Our simulations explore the relationships among (structured) connectivity, the dynamics of population activity (sharp waves and ripples), and detailed activity dynamics (sequence replay). In essence, we find that periods of sequence reactivation (which indeed requires structured connections and adaptation) involve increased activity in all cell populations (corresponding to sharp waves), and that this high activity of PV+ interneurons is responsible for the generation of ripples (as PVBCs synchronize through mutual inhibitory connections). Manipulations of the model that eliminate sequence replay also eliminate sharp waves and ripple oscillations. However, if the excitatory drive to PVBCs is increased to a sufficiently high level by other means (e.g., by drastically increasing the excitatory recurrent weights (Figure 6 D-F), or by directly setting a high level of excitatory input to PVBCs (Figure 8 A-B)), ripple oscillations can be generated in the absence of structured recurrent excitation.

    Related to this, if the principal cells fire only once or twice during the whole replay event (as is observed in vivo and also in the present model), how can a spike-triggered adaptation current (that is required for replay, as the authors show) exert its influence on the dynamics of the network?

    First, in principle, a strong spike-triggered adaptation current could influence the dynamics of the network even after a single spike, by shifting the strongest net input (i.e., the sum of EPSCs, IPSCs, and adaptation current) to cells that have not been active recently but have nearby place fields. In addition, our place cells tend to fire more than once during individual sharp waves. We have amended the manuscript to clarify this fact in lines 188-191, and updated Supplementary Figure 4 (B1 insert and new panel C).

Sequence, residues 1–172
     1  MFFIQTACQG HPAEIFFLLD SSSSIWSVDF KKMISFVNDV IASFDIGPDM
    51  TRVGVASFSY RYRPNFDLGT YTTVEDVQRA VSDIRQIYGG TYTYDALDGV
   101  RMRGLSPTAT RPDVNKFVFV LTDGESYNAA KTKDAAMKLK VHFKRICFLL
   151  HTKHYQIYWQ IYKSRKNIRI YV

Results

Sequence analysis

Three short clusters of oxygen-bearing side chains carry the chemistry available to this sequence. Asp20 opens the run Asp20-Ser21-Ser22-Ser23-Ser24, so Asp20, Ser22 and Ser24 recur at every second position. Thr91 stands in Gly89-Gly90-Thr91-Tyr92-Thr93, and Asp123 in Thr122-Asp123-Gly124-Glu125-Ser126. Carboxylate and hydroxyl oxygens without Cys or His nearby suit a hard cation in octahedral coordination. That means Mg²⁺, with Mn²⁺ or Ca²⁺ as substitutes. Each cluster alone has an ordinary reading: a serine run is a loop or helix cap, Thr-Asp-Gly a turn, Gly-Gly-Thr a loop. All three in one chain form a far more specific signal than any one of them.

1. Some of the modelling choices seem to be ad hoc and not well motivated: 2.1 It is not clear whether the symmetric STDP rule proposed by Mishra et al. is more biologically plausible for CA3 than other rules and/or whether there are other rules at work at all. Currently, it reads as if this is the only STDP rule that is plausible for CA3 recurrent excitatory connections.

    Importantly, the plasticity rule used in our paper was not just proposed by Mishra et al. Nature Comms., (2016), but it reflects their direct measurement of STDP in pairs of CA3 pyramidal neurons in hippocampal slices. To our best knowledge this is the only rule that has been experimentally measured in area CA3. On the other hand, we do investigate the effect of using a different type of STDP rule (one that has been measured in several other types of synapse), and find that this choice leads to altered dynamics and the absence of reverse replay events (Figure 5).

    Also, the time constant of the plasticity rule was fixed. It would be good to study the impact of different time constants if this is biologically realistic. The reason for this suggestion is that it might allow for a more mechanistic understanding of the model behavior. Is it possible that there is a certain spatial range for stronger-than-baseline connectivity that is required for there to be replay and if so, does it depend on the time constant?

    In our study, the time constant of STDP was fixed to the value that Mishra et al. Nature Comms., (2016) measured experimentally. The way in which the shape (magnitude and time constant) of the STDP rule influences the network dynamics is indeed an interesting topic for theoretical research; however, exactly this issue was recently explored by Theodoni et al. eLife, (2017), so we decided to focus our efforts on other questions.

    2.2 Plasticity between principal cells is switched off after the initial exploration phase and the networks are static thereafter. How realistic is this? It might be possible that spike-triggered synaptic plasticity during a ripple event interferes with the bidirectional coupling established during the initial learning phase, thus rendering replay unstable and/or terminating it before the end of the track is reached.